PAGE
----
In its sparse installation and apparent symmetry, “Michel François, Liz Larner, Tony Lewis, Virginia Overton” is a more complex exhibition than it initially seems. The straightforward objects reveal surprising subtleties, with disjointed and formal allusions lurking beneath their materiality. Things and patterns resonate like quick, sharp sentences.
First, visible through the gallery windows, are two Tony Lewis drawings, which mimic the brick outside. But, on close observation the works’ opaque black rectangles flatten into graphic voids. Only graphite dust dirties the white space between the tessellated rectangles, the speckled negative space standing in for grout.
Then, in the main gallery, two bronze splatter works by Michel François hang across from each other. Their differences are slight: one has a sense of rightward motion, like a mud puddle that has been splashed through by a car tire; the other is more static, its layers of poured bronze shiny in some areas, dark and matte in others. Both of them, titled Instant Gratification (2016), are hardened ghosts of the interlaced paint in an Ab-Ex painting. Pollock’s critically praised splatters were pure translations of feeling to action, with the painted image evidence of his motion. François, without a canvas, cleverly achieves a similar oceanic effect in bronze, a substance known neither for its immediacy nor for its relation to performative process.
The works of Liz Larner and Virginia Overton open up ongoing questions about the viewer’s relation to surface and space. Larner’s glazes and Overton’s found objects bring a lively sense of wit to Minimalist concerns that often tend to wax austere. In Larner’s ii (calefaction), 2014–15, rock shards are caked in an ovular ceramic mass, while iv (passage), 2014–15, another ceramic oval, comes forward topographically, its ridges and gaps sinking and emerging from thick yellow glaze. Overton’s sculptures serve more as peculiar stand-ins for visitors. One is a towering cardboard tube with a chair placed upside down at its head, and one consists of two wooden planks of different heights connected by a brass plate. Their stiff, three-dimensional verticality is amplified by the flatness of Lewis’s Untitled 8 (2016), a large almost-square work placed on the ground, made by rubbing paper with graphite powder over the floor of the gallery’s front room.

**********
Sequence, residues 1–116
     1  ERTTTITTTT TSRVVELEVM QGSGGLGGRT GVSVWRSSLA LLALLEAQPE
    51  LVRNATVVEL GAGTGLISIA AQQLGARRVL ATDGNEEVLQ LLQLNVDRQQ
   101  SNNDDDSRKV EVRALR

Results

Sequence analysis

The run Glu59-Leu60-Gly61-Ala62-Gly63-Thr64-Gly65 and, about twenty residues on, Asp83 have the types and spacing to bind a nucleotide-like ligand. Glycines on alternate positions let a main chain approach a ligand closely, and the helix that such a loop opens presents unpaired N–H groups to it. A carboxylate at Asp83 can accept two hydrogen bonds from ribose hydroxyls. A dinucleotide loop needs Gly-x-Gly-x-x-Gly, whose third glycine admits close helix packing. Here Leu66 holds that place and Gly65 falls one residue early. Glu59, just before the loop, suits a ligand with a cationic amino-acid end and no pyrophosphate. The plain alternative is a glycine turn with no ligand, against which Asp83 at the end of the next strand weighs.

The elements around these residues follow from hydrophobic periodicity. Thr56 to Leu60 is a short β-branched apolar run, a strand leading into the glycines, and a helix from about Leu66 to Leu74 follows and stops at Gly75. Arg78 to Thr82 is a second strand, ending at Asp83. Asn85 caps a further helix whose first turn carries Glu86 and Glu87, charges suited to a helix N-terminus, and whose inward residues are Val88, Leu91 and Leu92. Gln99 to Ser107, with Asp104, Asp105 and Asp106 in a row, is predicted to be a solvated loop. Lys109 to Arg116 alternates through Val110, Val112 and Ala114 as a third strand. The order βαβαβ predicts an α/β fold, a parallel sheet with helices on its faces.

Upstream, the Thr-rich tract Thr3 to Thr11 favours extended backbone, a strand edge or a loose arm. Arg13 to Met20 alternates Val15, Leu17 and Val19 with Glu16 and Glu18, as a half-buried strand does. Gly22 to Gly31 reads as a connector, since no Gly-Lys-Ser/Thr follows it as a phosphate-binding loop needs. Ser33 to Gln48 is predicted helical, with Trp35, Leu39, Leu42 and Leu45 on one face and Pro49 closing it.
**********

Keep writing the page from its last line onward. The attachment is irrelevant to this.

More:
Showing in the back room is Morgan Fisher’s Screening Room (1968/2016). Though listed as a separate exhibition, the film provides a satisfying complement to the group show. On the 30-minute mark of every hour, visitors may share Fisher’s views as he walked through Chelsea with a camera, on his way to the gallery. The suspense builds. Will he enter the gallery, look at the works in the previous spaces, and eventually join us in the screening room? He does enter and even zooms in on the very screen that we are watching, but we, of course, never see him. After exiting the screening area, the yellow glaze, bronze splatters, and shiny graphite can be seen again, with new eyes. The film produces another dimension, a reminder to challenge chronology and consider the phenomenological facts of artistic process.